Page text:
Housing Benefit: Social Rented Housing

Kerry McCarthy: To ask the Secretary of State for Work and Pensions what guidance he has issued to local authorities and housing associations about the classification of a bedroom under the under-occupation penalty to housing benefit; and what assessment he has made of the safe minimum size of a bedroom to be shared by two siblings. [147675]

Steve Webb: Together with the Department for Communities and Local Government we have worked with the Chartered Institute of Housing who have produced an online guide for social sector landlords "Making it Fit—a guide to preparing for the social size criteria". This was launched in June last year and is designed to help landlords to develop a strategic and operational approach to the size criteria, tailored to their local area.

Separate guidance has not been issued on the size of rooms or their suitability for use as a bedroom. Rent levels generally reflect the number of bedrooms in the property and may take into account their size, but it is for tenants to decide at the point of accepting the tenancy whether the rooms are of a suitable size for their needs.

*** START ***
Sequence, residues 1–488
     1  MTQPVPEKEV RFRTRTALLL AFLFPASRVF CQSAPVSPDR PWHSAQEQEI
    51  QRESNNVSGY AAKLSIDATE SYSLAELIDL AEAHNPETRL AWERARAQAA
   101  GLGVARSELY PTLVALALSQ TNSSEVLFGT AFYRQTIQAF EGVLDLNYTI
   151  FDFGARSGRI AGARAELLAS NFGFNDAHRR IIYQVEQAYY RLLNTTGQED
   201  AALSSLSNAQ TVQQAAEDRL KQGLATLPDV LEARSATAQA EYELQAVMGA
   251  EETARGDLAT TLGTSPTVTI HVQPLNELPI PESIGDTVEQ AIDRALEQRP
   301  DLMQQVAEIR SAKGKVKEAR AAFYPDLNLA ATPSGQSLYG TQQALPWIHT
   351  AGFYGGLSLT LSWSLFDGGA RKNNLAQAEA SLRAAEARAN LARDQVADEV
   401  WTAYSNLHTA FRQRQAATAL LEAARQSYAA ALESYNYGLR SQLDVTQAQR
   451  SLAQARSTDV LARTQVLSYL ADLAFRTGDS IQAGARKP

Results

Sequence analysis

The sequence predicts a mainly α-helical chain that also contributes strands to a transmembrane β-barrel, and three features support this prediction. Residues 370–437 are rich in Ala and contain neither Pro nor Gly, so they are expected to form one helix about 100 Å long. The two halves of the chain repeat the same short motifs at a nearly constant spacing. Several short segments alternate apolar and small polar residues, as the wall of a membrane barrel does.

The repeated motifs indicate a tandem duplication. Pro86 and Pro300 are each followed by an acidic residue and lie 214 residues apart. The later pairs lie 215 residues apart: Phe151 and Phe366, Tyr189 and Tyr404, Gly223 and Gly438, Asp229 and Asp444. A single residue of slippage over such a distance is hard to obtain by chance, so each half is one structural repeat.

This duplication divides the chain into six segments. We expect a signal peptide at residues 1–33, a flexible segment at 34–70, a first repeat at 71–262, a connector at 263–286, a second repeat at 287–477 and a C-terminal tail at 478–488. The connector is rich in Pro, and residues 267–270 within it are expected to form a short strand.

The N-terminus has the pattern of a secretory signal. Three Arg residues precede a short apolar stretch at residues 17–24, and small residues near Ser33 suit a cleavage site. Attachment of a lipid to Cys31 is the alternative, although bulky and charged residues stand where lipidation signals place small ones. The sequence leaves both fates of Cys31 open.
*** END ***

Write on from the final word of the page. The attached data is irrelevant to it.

The size criteria rules take account of the number of bedrooms as designated by the landlord and compare this with the composition of the household in order to establish whether or not to apply a reduction due to under-occupation.

Jobcentre Plus

Helen Goodman: To ask the Secretary of State for Work and Pensions what steps he has taken to provide support in jobcentres to people lacking in digital skills. [147663]

Mr Hoban: If a claimant does not have access to the internet at home, jobcentre staff are able to advise of alternative access points in the community. Most jobcentres also have the facility to offer internet access on site where necessary.

Our new jobsearch site, Univeral Jobmatch, has modernised the support for jobseekers and employers. Should a jobseeker lack the necessary skills to navigate